Detroit center to remove name of ex-mayor with racist past
DETROIT (AP) — Detroit’s Cobo Center, which hosts the auto show and other major events, is changing its name to remove the surname of a former mayor known for his racist policies, officials announced Wednesday.
The Detroit Regional Convention Facility Authority announced it has sold Cobo Center’s naming rights to Detroit-based Chemical Bank in a 22-year deal that will generate $1.5 million annually. The new name will be announced later this year, after Chemical Bank’s holding company acquires another financial institution , Minnesota-based TCF Financial Corp. In the meantime, the center’s prominent exterior digital signage will combine the center and bank names.
Authority Chairman Larry Alexander, who also serves as president and CEO of the Detroit Metro Convention & Visitors Bureau, said he sees the move as “killing two birds with one stone” — making the right decisions financially and socially.
“No question that name, Cobo, has a negative history and connotation attached to it,” he told The Associated Press. “I will have to say that our financial concerns were the first priority, but our second concern was to be sure we eliminate any past negative issue associated with the name.”
Albert Cobo, who served as mayor from 1950 to 1957, sought to keep blacks out of predominantly white neighborhoods. The convention center opened on the Detroit River waterfront in 1960, three years after Cobo died.
“The Cobo era was marked by the wiping out of African American neighborhoods in the name of urban renewal. I don’t believe our civic center ... should be celebrating that era,” Detroit Mayor Mike Duggan said during Wednesday’s announcement.
Democratic Gov. Gretchen Whitmer echoed Duggan’s sentiments, saying the Cobo name is “synonymous with division.”
“Right now, in our country and in our state, we’ve got enough division,” Whitmer said.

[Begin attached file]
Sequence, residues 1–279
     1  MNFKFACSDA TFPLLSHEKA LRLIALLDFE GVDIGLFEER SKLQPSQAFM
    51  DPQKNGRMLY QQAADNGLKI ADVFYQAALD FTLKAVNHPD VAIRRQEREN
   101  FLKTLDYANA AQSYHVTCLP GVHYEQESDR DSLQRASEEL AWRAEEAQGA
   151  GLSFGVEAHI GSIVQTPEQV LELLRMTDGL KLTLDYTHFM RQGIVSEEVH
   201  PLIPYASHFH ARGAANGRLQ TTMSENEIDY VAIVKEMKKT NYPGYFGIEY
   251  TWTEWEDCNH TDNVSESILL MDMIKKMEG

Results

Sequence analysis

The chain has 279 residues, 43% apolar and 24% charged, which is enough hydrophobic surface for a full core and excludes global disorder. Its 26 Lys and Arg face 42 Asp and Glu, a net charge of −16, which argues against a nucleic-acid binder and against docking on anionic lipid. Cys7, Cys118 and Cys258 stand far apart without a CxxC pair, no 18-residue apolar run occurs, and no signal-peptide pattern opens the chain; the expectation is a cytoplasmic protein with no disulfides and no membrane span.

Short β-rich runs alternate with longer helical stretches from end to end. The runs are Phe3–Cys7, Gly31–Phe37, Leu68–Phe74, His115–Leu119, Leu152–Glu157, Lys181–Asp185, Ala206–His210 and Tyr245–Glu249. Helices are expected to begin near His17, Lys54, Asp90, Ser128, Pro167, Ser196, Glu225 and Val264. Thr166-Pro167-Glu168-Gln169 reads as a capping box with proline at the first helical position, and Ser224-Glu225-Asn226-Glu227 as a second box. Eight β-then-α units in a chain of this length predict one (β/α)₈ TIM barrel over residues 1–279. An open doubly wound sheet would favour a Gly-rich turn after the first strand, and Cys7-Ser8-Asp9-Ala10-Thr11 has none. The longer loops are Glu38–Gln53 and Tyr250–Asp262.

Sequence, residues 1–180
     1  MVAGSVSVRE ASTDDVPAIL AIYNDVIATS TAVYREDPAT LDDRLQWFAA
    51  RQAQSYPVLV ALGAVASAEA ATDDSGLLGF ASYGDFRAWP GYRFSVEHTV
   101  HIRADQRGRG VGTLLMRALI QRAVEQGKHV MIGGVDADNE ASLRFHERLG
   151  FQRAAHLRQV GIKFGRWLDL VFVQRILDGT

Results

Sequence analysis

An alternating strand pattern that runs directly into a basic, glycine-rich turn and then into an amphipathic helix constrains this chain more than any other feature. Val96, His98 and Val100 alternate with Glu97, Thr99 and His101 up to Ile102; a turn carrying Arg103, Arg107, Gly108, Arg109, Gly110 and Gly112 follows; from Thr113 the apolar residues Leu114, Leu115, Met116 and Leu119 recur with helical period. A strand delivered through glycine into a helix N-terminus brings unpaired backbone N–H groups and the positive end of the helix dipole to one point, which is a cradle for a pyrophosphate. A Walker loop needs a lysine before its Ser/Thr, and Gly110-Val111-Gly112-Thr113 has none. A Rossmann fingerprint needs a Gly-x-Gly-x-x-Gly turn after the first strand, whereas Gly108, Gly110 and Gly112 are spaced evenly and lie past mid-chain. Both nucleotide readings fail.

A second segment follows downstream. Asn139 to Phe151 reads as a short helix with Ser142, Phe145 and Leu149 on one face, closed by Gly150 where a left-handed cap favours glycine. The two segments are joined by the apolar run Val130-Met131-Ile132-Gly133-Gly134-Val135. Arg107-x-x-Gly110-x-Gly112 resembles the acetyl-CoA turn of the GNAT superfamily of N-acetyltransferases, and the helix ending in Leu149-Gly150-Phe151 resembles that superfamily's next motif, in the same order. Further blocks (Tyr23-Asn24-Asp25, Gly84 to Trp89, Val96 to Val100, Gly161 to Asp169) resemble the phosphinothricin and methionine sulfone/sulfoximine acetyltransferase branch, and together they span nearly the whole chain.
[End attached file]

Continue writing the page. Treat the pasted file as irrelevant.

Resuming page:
Vestiges of racism and intolerance are slowly being moved and removed in Michigan and other northern states, spurred by more widespread efforts in the South to erase the nation’s slave past. In the Detroit suburb of Dearborn, a statue of former Mayor Orville Hubbard — who spent decades trying to keep the city all white — was socked away for more than a year after leaders decided it didn’t belong outside a new City Hall. The Hubbard statue now stands beside a small museum. At the University of Michigan, regents have voted to strip a former president’s name, Clarence Cook Little, from a campus science building because he lent his expertise to groups that favored selective reproduction, also known as eugenics.
A bust of Cobo is no longer prominently displayed in Cobo Center. It now sits at the end of a long, little-used and dimly lit hallway a floor below the center’s main entrance.
In addition to the North American International Auto Show, Cobo Center also hosts the annual Fight for Freedom Fund Dinner, the largest fundraiser by the Detroit branch of the National Association for the Advancement of Colored People. The organization says it draws 10,000 people each year.
“You can’t change everything, but you can change some things. You can begin anew,” pastor and Detroit NAACP branch president the Rev. Wendell Anthony said at Wednesday’s announcement.
The center was owned and operated by the city until 2009, when the regional authority was created. Officials said in a release that the money made from the deal with Chemical Bank will save state taxpayers millions of dollars and help the center “move toward becoming a self-sustaining facility” within about five years.
Associated Press reporter Corey Williams contributed to this story.
This story has been corrected to show that Duggan said, “The Cobo era was marked by the wiping out of African American neighborhoods,” not “whitening-out.”